I’ll be adding more over the next few days, and appreciate any suggestions you may have!

Boot Camp

The pieces are falling into place… My shift to the Mac will be complete, now that Apple has released Boot Camp, software that will allow users to run Windows XP on Intel based Macs. A tasty quote from the release:

“Apple has no desire or plan to sell or support Windows, but many customers have expressed their interest to run Windows on Apple’s superior hardware now that we use Intel processors,” said Philip Schiller, Apple’s senior vice president of Worldwide Product Marketing. “We think Boot Camp makes the Mac even more appealing to Windows users considering making the switch.”

Life. Is. Good.

Now… to go order my MacBook Pro.

XP on MacTel is official

The fine folks at Engadget bring word that the installation of Windows XP on an Intel-powered Mac has been verified, generating $13,000 of prize money for the winner, narf2006. It sounds like extensive hacking was involved, so it is by no means ready for the public, but it should provide a starting point from which developers can build an open source project to spread the love. More info to be posted on the official site.

Wireless network-aware homepage

From Mac Geekery comes the wireless network aware homepage

Given a list of trusted SSID’s it will test internet connection and:

1. if connected to a trusted network it will load homepage if connected or display an error if not connected

2. if connected to another network it will display SSID and connection status

3. if not connected to a wireless network, show homepage if internet detected (like ethernet or whatever) else display an offline page

I can’t wait to get me a MacBook Pro so I can try out all of these OS X tricks and tips!

Free Ruler for Mac OS X

Free Ruler for Mac OS X


  • A horizontal and vertical ruler which can be used independently or simultaneously.
  • Measurement in pixels, inches, picas, or centimeters.
  • Automatic alignment of rulers.
  • The ability to group rulers and move them around as a unit.
  • Shadowless rulers with customizable transparency.
  • Interactive tick marks which follow the mouse location for more precise measurement.
  • Independent resizing of rulers, from 200 pixels to 5000 pixels in length.
  • Single key shortcuts for most ruler functions.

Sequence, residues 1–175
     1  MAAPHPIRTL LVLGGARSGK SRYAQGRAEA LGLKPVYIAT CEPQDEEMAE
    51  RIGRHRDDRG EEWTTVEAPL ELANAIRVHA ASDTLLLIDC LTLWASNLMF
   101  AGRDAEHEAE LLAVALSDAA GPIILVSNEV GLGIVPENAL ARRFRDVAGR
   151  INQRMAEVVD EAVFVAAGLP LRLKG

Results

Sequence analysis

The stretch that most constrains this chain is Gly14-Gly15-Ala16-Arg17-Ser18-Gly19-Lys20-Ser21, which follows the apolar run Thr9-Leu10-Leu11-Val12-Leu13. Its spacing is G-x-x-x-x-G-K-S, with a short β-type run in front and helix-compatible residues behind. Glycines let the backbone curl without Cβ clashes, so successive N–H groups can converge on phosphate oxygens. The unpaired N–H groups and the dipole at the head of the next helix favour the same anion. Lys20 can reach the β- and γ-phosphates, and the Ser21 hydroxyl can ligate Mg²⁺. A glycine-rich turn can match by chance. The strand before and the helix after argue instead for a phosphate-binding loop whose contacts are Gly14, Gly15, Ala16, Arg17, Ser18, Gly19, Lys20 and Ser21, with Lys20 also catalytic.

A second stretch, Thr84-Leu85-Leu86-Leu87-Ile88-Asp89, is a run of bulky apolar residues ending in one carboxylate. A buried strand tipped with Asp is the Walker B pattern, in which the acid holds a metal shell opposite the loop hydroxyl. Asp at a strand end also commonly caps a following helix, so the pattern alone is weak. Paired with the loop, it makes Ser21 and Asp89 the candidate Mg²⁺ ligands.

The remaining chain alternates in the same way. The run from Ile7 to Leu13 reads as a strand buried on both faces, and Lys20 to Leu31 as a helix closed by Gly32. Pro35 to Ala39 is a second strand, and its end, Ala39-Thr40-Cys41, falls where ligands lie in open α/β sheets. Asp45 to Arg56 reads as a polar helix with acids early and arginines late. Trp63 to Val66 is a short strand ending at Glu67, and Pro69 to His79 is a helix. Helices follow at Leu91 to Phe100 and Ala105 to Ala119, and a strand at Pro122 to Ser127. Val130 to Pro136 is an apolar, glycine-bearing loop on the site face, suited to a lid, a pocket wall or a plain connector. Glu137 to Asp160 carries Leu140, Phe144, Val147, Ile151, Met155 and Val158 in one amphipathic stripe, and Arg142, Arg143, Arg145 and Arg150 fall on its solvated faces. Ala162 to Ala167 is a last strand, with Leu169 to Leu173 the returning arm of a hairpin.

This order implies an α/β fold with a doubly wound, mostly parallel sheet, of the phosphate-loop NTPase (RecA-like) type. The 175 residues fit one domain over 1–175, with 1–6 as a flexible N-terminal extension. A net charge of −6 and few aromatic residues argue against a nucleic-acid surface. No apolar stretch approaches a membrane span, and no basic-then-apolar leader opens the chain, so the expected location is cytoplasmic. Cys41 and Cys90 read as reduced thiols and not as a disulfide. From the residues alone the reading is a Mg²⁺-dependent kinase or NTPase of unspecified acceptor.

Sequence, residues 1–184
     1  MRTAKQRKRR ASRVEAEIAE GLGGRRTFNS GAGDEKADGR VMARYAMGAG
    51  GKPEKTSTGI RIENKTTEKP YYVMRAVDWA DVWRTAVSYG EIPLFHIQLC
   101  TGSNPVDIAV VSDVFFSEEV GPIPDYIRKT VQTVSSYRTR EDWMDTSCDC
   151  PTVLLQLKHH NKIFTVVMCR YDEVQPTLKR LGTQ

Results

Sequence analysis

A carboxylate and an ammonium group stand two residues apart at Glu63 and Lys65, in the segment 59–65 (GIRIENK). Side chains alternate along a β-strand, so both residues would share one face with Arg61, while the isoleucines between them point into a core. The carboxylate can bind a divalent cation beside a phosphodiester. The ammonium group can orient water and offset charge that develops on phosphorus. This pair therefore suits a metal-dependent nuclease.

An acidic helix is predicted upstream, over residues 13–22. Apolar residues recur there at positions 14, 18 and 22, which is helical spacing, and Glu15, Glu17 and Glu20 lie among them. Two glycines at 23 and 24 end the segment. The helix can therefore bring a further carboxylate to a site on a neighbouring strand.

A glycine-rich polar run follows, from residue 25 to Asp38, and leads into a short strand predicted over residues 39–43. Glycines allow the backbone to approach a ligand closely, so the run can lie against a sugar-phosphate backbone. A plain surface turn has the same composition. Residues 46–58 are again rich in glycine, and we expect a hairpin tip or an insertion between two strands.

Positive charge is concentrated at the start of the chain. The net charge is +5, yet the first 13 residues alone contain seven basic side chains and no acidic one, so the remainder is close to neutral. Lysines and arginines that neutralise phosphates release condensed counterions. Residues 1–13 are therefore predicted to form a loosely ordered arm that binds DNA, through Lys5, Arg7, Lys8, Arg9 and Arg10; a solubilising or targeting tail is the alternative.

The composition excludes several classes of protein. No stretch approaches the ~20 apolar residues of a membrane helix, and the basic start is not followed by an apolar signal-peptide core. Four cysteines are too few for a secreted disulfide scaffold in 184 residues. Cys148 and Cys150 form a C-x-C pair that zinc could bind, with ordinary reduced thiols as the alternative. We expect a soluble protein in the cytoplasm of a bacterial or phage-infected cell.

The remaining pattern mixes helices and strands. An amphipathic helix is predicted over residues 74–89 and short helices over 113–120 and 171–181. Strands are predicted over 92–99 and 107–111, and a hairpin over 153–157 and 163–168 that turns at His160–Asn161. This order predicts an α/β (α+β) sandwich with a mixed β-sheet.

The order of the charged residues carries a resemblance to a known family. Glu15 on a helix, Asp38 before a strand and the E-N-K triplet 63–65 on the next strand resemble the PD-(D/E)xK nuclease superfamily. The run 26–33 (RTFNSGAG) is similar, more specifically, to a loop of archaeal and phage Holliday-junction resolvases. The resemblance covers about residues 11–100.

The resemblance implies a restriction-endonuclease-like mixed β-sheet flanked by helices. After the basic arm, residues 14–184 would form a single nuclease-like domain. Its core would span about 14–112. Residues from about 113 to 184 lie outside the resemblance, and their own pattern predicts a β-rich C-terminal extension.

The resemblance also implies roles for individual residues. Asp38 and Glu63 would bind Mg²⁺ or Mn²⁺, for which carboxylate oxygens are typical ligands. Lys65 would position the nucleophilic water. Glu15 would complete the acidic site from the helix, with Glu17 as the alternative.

• Conversion assistant to set ruler resolution based on screen size and resolution.
  • Unit converter utility for converting numbers between different units of measure.
  • Did I mention it’s free?

OS X Annoyances & Solutions

As I make the switch (slowly) to OS X, I keep discovering new and exciting things about the operating system. Occasionally though, I find some annoying aspects that impede my progress, and cause me to question my desire to shift platforms. In addition to the fact that HP hasn’t bothered to write OS 10.3 drivers for our scanner (HP 5370c), which we specifically bought because it was friendly to both platforms, I have run into a problem with using a USB trackball on our fileserver, which runs 10.2.8.

Luckily, in both cases there appear to be independent developers solving the problem.

Scanner Drivers

The TWAIN SANE Interface for Mac OS X makes use of the existing SANE (Scanner Access Now Easy) project, which was originally developed for LINUX. I haven’t tested it yet, but I have hope.

USB Trackball/Mouse Drivers

According to a thread at macosxhints the trackball problem can be solved with the purchase of a shareware driver called USB Overdrive. The project site provides a great summary of the software’s purpose:

The USB Overdrive X is a driver for Mac OS X 10.2.4 or later (including Panther) that handles any USB mouse, trackball, joystick and gamepad from any manufacturer and lets you configure them either globally or on a per-application basis.

I look forward to trying it out with a Microsoft Trackball Explorer.

I will post the results of both tests soon.

Change File Associations in OS X

Get InfoUpdate: I’ve revised the directions slightly to show the difference between 10.3 & 10.4, plus I’ve added a screen shot.

Just a quick note to document how to change which applications are used to open specific file types.

All you have to do, is select a file in the Finder and ‘Get Information’ (cmd + i or right-click > Get Info or cmd + click > Get Info) for it. Then toggle the ‘Open with…’ option and choose the proper application.

To make sure that every file of that type (every php file for example) uses the new application, make sure you choose that option below the application drop down box (it may be grayed out until you’ve chosen an alternate application from the current default:

10.3: “The generic application for documents of this type”
10.4: “Use this application to open all documents like this.” > Click the Change All button.

Source: macosxhints – Changing application/file associations